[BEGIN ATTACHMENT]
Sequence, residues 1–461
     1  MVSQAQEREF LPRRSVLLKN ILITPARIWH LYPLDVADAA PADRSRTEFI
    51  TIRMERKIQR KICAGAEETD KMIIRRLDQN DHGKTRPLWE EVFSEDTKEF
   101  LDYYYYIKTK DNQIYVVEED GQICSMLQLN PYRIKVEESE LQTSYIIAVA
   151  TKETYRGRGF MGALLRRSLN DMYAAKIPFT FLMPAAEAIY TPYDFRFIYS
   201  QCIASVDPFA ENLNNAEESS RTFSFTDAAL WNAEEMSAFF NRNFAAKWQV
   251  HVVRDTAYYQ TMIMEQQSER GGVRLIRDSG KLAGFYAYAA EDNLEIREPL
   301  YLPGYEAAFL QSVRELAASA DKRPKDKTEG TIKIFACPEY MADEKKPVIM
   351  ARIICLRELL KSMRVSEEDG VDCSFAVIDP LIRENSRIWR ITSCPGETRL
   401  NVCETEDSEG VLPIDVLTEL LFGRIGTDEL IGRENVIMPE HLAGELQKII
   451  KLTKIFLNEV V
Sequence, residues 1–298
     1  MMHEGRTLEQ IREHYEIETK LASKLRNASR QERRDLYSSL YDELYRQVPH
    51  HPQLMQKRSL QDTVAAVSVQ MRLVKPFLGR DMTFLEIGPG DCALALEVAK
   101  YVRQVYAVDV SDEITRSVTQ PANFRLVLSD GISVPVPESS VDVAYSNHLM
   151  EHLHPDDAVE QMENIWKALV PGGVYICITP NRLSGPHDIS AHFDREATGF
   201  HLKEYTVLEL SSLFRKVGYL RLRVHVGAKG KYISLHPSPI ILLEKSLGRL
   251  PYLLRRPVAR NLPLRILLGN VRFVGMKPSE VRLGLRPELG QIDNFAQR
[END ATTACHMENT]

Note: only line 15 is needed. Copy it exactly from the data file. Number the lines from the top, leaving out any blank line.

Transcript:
   101  YVRQVYAVDV SDEITRSVTQ PANFRLVLSD GISVPVPESS VDVAYSNHLM